Space billboards could cost $65 million and turn a profit • TechCrunch

Space advertising has been on the minds of every marketer on the planet since the days of Apollo, yet no one has made it happen. A new study shows that a billboard-like constellation of about 50 satellites, costing a total of $65 million, could shine ads to every corner of the Earth for months — and potentially make money while doing it.

Of course, just because they could does not mean that must. But let’s focus on the former for now.

The study, by Russian researchers at the Skolkovo Institute of Science and Technology (Skoltech) and the Moscow Institute of Physics and Technology, makes a pretty compelling case that is bolstered by the recent controversy surrounding SpaceX’s highly visible Starlink satellites.

The paper’s proposal involves sending a constellation of about 50 satellites in a Cubesat 12U volume — think the size of a full paper grocery bag. The satellites would enter a sun-synchronous orbit, meaning they would always be in direct sunlight as they passed around Earth.

Once in orbit, they would deploy large, parabolic reflectors that would bounce sunlight toward Earth. These could be tilted to better show sunlight on a target area they pass by and from the ground would appear to be a group of stars moving in sync over a period of perhaps three to five minutes. (To be clear, the image at the top is just indicative – it would be much dimmer in reality.)

The 50 satellites could rearrange themselves into patterns ranging from letters to simple graphics — not fast, but fast enough that the pattern could evolve over their visible time or switch advertisers between target cities. They would be weaned after 1-3 months depending on various factors. I’ve asked the researchers for clarification on shelf life, display duration, and a few other details, and I’ll update this post if I hear back.

Diagram of a satellite’s reflective footprint and examples (Olympics logo and Eiffel Tower) of possible displays.

The physical possibility of doing this does not seem at all surprising considering how visible existing satellites can be in these orbits and the precision with which they can already be arranged. So, with this established, a large part of the work is devoted to an economic analysis. After all, we probably could have launched a Nike logo into space in the 90s (and there were attempts) if people would have rallied around it… but why would they? The issue must make financial sense.

The cost of the mission is estimated at $65 million, most of which goes to the construction of the 50 satellites ($48.7 million), then testing, support and engineering ($11.5 million), and of course launch ($4, 8 million dollars). This seems reasonable enough in theory.

But it gets a little fuzzy on income estimates. A complex equation to determine which cities, regions and times of the year would make more money suggests that winter provides the highest ROI. You might think: but people stay inside during the winter. Yes, but not in the tropics and much of south and southeast Asia, where winter brings longer nights but nothing like bad weather in northern latitudes. And it just so happens some of the most populous cities in the world are there.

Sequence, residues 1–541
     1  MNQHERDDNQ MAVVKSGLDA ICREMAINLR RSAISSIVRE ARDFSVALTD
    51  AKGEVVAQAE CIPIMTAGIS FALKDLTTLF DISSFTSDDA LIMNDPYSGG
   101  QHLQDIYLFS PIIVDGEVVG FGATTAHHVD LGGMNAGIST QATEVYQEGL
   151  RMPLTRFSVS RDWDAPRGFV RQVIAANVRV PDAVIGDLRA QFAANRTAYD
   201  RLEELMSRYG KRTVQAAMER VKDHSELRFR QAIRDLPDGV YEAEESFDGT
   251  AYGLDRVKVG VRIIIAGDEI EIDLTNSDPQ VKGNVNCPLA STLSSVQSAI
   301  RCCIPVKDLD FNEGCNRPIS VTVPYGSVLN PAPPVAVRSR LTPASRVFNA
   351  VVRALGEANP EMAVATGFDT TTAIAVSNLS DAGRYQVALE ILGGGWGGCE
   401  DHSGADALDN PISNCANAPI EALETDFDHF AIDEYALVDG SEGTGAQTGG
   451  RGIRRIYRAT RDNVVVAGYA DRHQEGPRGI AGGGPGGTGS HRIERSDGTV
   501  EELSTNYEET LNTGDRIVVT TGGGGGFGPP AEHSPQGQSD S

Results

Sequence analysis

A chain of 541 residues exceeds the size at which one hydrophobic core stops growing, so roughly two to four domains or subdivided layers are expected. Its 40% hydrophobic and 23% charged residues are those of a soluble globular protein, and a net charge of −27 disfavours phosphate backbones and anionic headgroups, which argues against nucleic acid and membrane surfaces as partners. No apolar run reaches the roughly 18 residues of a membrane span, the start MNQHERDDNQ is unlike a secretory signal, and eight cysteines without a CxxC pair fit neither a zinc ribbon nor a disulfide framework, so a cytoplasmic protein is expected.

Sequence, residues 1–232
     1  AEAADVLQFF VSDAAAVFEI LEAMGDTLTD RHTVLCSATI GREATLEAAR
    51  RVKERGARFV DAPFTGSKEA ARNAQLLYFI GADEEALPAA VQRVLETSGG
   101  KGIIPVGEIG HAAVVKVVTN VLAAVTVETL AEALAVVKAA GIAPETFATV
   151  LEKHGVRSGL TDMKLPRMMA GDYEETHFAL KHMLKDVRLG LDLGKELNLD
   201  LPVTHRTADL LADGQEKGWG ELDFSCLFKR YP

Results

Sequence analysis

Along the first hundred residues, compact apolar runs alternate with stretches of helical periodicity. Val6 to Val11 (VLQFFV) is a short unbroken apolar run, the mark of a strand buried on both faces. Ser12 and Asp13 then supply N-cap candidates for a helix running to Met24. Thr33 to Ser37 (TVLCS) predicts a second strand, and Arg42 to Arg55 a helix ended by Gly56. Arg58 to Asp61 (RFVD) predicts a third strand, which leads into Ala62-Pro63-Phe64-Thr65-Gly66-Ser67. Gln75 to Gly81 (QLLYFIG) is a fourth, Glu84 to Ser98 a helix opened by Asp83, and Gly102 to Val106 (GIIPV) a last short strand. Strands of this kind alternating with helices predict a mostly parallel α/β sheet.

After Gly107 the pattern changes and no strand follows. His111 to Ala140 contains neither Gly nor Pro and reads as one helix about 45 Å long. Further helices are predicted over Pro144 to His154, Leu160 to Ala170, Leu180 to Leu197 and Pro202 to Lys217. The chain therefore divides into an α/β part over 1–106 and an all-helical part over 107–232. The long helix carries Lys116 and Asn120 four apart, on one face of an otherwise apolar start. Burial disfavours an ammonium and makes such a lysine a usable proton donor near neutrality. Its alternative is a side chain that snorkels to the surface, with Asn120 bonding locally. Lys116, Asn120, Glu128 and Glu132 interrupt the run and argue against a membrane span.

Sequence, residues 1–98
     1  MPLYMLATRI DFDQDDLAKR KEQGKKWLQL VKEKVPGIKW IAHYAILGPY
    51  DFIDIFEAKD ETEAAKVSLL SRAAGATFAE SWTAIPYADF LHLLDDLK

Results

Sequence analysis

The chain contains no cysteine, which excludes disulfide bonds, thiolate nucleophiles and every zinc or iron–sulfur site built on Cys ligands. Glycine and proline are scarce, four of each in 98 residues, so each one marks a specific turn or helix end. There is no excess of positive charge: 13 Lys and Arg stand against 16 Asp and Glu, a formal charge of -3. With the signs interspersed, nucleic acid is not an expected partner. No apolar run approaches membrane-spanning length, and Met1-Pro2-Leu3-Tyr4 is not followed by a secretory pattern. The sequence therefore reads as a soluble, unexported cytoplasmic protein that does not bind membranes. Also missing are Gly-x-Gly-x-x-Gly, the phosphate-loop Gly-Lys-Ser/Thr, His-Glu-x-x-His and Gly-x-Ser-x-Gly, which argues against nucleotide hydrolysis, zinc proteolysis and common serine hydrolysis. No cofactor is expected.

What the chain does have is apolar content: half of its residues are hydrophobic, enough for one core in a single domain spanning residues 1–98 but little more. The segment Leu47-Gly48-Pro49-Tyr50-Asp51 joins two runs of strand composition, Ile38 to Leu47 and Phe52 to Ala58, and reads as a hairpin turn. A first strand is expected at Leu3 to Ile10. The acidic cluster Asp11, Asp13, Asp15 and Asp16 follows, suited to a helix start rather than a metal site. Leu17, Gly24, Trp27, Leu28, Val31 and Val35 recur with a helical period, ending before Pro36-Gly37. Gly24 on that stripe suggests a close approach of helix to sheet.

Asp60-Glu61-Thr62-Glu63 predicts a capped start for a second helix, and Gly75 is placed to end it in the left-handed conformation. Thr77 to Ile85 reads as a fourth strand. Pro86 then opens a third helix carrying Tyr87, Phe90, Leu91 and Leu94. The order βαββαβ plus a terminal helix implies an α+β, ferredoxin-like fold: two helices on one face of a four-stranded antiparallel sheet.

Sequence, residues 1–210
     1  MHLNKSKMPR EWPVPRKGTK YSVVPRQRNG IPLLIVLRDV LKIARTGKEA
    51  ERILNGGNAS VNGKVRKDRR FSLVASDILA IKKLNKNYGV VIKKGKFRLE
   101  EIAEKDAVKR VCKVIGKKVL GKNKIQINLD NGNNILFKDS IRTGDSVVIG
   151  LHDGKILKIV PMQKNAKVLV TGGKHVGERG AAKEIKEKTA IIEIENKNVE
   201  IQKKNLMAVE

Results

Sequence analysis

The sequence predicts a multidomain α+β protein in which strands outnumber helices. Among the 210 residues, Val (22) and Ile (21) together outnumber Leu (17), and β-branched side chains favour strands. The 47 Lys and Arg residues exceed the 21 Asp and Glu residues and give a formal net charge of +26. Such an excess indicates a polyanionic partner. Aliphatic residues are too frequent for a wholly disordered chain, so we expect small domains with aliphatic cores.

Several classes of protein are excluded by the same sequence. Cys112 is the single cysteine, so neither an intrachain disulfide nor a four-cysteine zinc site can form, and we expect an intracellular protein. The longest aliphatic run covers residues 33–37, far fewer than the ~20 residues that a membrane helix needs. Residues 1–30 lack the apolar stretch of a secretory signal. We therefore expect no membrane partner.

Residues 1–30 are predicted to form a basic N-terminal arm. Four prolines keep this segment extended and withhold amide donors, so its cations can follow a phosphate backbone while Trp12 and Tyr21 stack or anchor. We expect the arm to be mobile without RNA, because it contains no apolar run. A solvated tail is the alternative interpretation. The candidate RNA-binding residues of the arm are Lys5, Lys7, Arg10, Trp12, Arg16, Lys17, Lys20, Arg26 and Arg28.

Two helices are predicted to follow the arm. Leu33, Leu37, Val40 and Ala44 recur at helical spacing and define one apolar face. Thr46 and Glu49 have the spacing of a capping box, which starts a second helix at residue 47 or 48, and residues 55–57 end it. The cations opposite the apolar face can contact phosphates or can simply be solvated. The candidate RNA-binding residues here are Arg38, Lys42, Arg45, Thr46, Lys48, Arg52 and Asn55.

Images showing possible satellite configurations in Olympic rings and Eiffel Tower shapes.

Their most optimistic estimate puts the net income at about $111 million, over three months and 24 shows — which works out to about $4.6 million per ad. Super Bowl ads cost more than that and are only 30 seconds long — though of course they’re in 4K and color with sound. But the money and appetite for gimmicky advertising is certainly there.

The more important question is does anyone want to see ads in the sky? Almost certainly not. While the novelty of a satellite display can be awe-inspiring for a while, this display of the Pepsi logo — or more likely, or something — can quickly turn awe into disgust. “Is this? A sweet ad?” if you want.

It would be a huge gamble of fame: the first company to place its advertisements among the stars. Sure, we had sponsored content and logos on the International Space Station, but this is different. When you see the ISS pass overhead, it doesn’t flash “SNICKERS SATISFIES” in Morse code at you.

The study by Skoltech and MIPT is probably something that has been speculated about internally at many companies that have considered the possibility for years. However, the idea that the whole business can actually make money is a relatively new development. Even five years ago, the numbers might not have worked. And remember that this is only one view of the problem – others may come to different conclusions.

Will we soon see advertisements in the stars? Unlikely, but anything profitable tends to happen sooner or later in this crazy, crazy world of ours, so don’t be surprised if you hear of attempts being made. Maybe we’ll outlaw it – but who has jurisdiction? Or maybe the launch companies will downsize – but do they want to put themselves in that position? It’s a weird possibility and very science fiction, but so is a lot of what’s going on these days.

The full text is available to read here.

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